February 20, 2006

Universal Preschool: Yes or No?

In a previous diary, I wrote about Illinois Democrats passing progressive legislations to better improved people lives. One of the topic of the diary was universal preschool proposed by Democratic Governor Rod Blagojevich of Illinois. In one local paper they describe Governor Blagojevich budget proposals which include universal preschool as ‘feel-good measures’. Republican candidates for Illinois Governor criticize plan as desperate.
Republican Chicago businessman Ron Gidwitz called the proposal a gimmick.

"He has neglected that problems facing our schools for three years and now on the cusp of a re-election, this is a last-ditch, desperate effort to correct his mistakes," said Gidwitz, a former chairman of the Illinois State Board of Education.
State Sen. Bill Brady calls for local control of school funding money without mandates.
"If we had the resources, however they are obtained, we should give the resources to schools with no strings attached so they can decide how to spend it," Brady said.
Treasurer Judy Baar Topinka, “We all love kids” but ...
"We all love kids, and we'd all love this to occur, but only if we could afford it," said state Treasurer and Republican gubernatorial candidate Judy Baar Topinka.
Judy Baar Topinka continues ...
Treasurer Judy Baar Topinka, another Republican candidate for governor, said Blagojevich keeps "coming up with all these big, expensive, huge `warm-fuzzies,' usually involving children, and not really coming up with ways to pay for them."
Hypocrisy during an election year has no limits, Illinois Republicans are claiming we can not afford big, expensive, huge `warm-fuzzies,' policies while Congressional Republicans support new Medicare prescription drug plan which is mostly a big giveaway to their political donors which is the biggest ‘warm-fuzzies’ policy coming out of Conservative controlled Washington in years. Republican State Sen. Bill Brady attacks Blagojevich proposal while Congressional Republican support No Child Left Behind which has restrictions on how schools can spend federal money.

Leaving aside the election year rhetoric, is universal preschool good and sound policy? There was some disagreement in this diary if universal preschool was a good proposal or not. Senator Tom Carper writing in Democratic Leadership Council Blueprint Magazine supports universal preschool.
If you had an opportunity to make an investment that you knew would bring a 7-to-1 return, you'd do it in a heartbeat. We should think the same way as citizens and taxpayers. We ought to jump at the opportunity to make public investments that produce broad public benefits. Universal preschool represents just such an opportunity. [..]

Studies of high-quality preschool programs in North Carolina and Michigan have found that public investments in such programs could, in fact, deliver a 7-to-1 return in the long run, in the form of increased productivity and decreased social spending.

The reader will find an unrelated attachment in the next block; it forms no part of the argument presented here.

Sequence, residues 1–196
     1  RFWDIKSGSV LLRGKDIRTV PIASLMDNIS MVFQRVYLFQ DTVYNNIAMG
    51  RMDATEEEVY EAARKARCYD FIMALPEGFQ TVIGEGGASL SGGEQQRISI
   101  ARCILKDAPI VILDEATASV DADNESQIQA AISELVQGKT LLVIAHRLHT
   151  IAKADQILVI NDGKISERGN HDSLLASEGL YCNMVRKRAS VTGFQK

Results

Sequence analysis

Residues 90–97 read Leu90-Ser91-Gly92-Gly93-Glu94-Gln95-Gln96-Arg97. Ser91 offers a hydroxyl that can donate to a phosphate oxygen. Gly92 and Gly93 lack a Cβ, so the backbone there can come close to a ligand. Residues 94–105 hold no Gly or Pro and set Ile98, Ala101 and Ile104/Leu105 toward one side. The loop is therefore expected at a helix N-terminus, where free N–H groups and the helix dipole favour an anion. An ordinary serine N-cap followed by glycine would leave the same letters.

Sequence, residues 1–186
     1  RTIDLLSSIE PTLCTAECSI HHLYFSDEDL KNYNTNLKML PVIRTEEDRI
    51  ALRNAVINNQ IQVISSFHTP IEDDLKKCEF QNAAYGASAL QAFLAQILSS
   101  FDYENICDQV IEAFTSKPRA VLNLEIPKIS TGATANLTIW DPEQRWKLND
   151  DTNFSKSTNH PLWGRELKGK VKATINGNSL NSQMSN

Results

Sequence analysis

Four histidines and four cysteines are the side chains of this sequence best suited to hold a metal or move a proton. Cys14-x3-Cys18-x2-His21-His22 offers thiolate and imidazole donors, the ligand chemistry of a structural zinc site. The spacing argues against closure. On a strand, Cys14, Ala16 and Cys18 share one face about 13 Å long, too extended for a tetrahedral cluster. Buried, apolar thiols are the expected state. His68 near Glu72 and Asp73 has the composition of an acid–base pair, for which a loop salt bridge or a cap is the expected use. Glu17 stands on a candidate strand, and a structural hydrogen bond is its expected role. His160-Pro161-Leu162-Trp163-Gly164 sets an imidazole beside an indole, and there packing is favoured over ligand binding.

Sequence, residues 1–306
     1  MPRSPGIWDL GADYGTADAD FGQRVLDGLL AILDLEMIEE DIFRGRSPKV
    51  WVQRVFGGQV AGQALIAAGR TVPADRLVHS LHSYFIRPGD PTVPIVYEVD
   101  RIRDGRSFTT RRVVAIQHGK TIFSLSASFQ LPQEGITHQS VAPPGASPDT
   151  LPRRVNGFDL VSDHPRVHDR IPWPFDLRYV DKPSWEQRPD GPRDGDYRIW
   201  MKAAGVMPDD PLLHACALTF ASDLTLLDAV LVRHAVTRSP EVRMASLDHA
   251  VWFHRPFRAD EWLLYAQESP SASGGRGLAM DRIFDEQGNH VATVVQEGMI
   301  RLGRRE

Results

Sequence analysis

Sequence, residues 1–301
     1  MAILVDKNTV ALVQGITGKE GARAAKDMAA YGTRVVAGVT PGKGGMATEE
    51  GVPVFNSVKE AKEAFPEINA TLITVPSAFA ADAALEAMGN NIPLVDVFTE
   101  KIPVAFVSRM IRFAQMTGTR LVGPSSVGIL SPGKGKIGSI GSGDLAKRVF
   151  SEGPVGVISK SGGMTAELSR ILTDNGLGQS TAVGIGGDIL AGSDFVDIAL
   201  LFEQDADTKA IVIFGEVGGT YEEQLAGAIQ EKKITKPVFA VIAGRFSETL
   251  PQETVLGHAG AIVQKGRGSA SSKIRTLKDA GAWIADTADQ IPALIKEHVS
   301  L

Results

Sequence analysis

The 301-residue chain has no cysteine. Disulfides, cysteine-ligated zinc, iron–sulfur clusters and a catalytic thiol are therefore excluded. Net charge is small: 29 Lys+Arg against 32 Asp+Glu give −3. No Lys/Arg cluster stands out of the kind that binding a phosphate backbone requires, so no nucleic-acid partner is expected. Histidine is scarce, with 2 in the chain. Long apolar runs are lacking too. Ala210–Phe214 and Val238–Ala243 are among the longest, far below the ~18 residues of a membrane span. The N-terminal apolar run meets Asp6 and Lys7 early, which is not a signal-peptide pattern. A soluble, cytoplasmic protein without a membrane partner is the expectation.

Iowa Governor Tom Vilsack, the chair of the DLC, also calls for universal preschool in this state. Katrina vanden Heuvel in the Nation praise Governor Blagojevich call for universal preschool.
It is universally acknowledged that preschool plays a critical role in the educational and social development of children. Studies have shown that those who attend preschool are 20 percent more likely to graduate from high school, and more than 40 percent less likely to be placed in a special education program or to be arrested as a juvenile. Yet not one state in the union currently offers universal pre-k.

Illinois Governor Rod Blagojevic wants to change this. This past Wednesday, Blagojevich proposed in his new state budget a provision that would grant all three and four year-olds access to preschool, regardless of income. While Oklahoma, Georgia and Florida currently offer pre-k to four year-olds, Illinois would become the first state to provide genuinely universal preschool in the country's history.
Research confirms preschool benefits
Children born into extreme poverty have a much better chance of succeeding in school if they receive a structured, high-quality preschool education. [..]

Researchers at Children's Hospital of Pittsburgh and the UCLID Center at the University of Pittsburgh tracked the progress of more than 1,000 children enrolled in the initiative from 1997 to 2000 in Braddock, Wilkinsburg, Sto-Rox, East Liberty, South Side, Highlands School District, the Hill District, Homewood and Steel Valley.

The outcomes mirror 30 years of national research showing that early intervention puts poor children on a level playing field with their more affluent peers.
Progressive, liberals and centrist Democrats seem to agree with the policy of universal preschool. Do grassroots Democrats support universal preschool? How about patents, seniors, so to be patents, Hispanics, African Americans, teachers, everyone? Is universal preschool good policy leaving aside the politics of the proposals? Please share some of your personal experiences.


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